Biker Cary Ford is framed by an old rival and biker gang leader for the murder of another gang member who happens to be the brother of Trey (Ice Cube), leader of the most feared biker gang ...
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Craig and Day Day have finally moved out of their parents houses and into their own crib. The cousins work nights at a local mall as security guards. When their house is robbed on Christmas... See full summary »
In Los Angeles, two rival gang leaders are also trying to be music producers. When DJ's equipment shorts out and Lonzo is cut out of the action by a record producer, the two join forces, ... See full summary »
Biker Cary Ford is framed by an old rival and biker gang leader for the murder of another gang member who happens to be the brother of Trey (Ice Cube), leader of the most feared biker gang in the country. Ford is now on the run trying to clear his name from the murder with Trey and his gang looking for his blood. Written by
EL TORO 79
Towards the end of the movie, a bus approaches. The first shot of the bus shows the driver to be a man without any facial hair. The next time we see him he has a very long beard and has gained a lot of weight. See more »
Written by Frederick Beauregard, R.J. Ritchie and Matthew Shafer
Performed by Kid Rock
Courtesy of Top Dog Records/Lava/Atlantic Recording Corp.
By Arrangement with Warner Strategic Marketing See more »
In reviewing the incredible annoying House of the Dead, I wrote, 'Why flirt with the concept of overkill when you can make it say 'whose your daddy?' Torque does not flirt with overkill; Torque *is* overkill's daddy, and it was fun.
Just a few hours before I watched Scary Movie 3 and that film barely managed to summon a chuckle from me. Torque had me in stitches before the first sixty-seconds were up. After years of watching 'serious' films with ridiculously over the top chase sequences (especially lately), finally a movie comes along and puts them all in their place. I have waited a long time for a racing-movie to recognize its own lameness and just (knowingly) go for all the over-the-top stunts it can possibly collect in a loosely strung together plot about a bunch of stereotyped misfits no one really cares about.
As stated above, the key was the fact this film does not take itself seriously. Take for example the MTV quick-cut commercial editing style, its overly colorful nature in sets and props, the comic-book-ish camera angles, the overused CG for impossible camera/bike moves, and the lighting which left the high-contrast shadows in mid-day. Want more? How 'bout when a bike speeds past a road sign, making it do a Looney Toonsesque-spin, and if you look carefully you can see the words 'Cars Suck?'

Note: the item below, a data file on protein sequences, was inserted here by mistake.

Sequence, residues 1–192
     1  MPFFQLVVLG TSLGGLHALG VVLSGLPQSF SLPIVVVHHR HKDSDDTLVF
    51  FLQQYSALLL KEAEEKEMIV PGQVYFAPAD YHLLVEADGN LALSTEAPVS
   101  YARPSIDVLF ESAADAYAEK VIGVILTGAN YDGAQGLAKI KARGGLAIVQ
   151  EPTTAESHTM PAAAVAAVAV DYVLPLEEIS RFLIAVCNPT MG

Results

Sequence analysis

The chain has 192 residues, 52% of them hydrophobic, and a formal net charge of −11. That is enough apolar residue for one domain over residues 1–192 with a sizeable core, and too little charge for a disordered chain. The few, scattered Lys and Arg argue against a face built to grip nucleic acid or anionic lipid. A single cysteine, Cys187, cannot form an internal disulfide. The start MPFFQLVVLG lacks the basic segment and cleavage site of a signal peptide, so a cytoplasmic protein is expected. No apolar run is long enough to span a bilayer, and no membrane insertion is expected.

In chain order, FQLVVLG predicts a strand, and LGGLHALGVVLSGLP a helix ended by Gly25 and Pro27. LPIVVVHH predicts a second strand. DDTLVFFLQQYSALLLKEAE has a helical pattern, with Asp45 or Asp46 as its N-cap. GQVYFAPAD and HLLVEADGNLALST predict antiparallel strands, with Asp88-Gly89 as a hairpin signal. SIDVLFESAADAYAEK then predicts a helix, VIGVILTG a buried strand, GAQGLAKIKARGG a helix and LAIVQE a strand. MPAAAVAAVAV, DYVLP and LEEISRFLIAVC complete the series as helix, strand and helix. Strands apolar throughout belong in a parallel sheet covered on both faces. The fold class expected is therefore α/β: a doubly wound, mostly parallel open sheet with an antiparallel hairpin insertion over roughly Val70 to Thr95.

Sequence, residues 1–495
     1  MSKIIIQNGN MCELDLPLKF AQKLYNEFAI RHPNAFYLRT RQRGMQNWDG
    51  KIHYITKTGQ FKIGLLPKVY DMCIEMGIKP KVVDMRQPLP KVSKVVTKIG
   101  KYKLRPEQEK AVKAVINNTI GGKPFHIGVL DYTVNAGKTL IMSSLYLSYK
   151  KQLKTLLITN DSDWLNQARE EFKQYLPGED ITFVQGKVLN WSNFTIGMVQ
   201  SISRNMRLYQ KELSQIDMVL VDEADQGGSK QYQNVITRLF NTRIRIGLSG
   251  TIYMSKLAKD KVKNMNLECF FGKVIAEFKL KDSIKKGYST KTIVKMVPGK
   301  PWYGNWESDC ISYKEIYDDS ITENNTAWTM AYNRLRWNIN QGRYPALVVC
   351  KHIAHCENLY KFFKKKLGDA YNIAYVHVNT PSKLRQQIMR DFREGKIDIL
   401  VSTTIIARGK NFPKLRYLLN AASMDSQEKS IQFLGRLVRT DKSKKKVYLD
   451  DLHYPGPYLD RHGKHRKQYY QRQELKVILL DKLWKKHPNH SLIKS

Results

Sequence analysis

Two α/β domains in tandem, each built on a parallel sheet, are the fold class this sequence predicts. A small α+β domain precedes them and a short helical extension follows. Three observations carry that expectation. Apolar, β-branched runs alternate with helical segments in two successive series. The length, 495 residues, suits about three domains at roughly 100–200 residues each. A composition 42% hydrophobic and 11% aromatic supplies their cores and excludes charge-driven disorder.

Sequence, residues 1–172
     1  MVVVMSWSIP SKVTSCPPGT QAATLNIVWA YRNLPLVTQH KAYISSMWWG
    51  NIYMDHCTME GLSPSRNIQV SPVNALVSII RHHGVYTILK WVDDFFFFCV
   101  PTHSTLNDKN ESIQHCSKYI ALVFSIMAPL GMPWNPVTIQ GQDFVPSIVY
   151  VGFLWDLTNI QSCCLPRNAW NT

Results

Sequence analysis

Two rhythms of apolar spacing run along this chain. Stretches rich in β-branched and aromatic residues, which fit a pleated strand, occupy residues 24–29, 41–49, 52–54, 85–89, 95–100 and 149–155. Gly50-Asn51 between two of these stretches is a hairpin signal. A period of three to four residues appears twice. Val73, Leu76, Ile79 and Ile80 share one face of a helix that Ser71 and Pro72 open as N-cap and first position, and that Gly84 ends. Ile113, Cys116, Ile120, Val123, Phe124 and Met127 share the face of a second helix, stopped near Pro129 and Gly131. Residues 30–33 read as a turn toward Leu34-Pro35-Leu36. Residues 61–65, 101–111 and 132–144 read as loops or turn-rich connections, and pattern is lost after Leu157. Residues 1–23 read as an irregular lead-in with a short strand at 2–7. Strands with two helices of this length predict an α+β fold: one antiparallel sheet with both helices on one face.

Everything perfectly matched the goal this film set out to hit, which is basically a tongue-in-cheek XBox game on the silver screen so commenting on the characters and plot seems virtually pointless. It's about as well developed as most action films-characters and plot serve enough purpose to get the bikes from chase scene A to chase scene B while poking fun at characters/lines from other racing films. No more no less.
I personally loved Torque. Would I recommend it to friends, family, or Joe-Shmoe who happens to pass me by in the video store? Well . . . for those who watch films with an anal eye and point out, 'That's not a logical plot point. That defies the laws of physics. That's the single stupidest thing I've ever seen in cinema?' No. Heck no. Don't even pick up the box. However, for those who can watch a film where the comedy lay not in punch lines rather in the style -- a film that's a celebration of all things lame in all of cinema's over-glorified chase scenes? Have a blast and join in with Torque's mockery of the genre.
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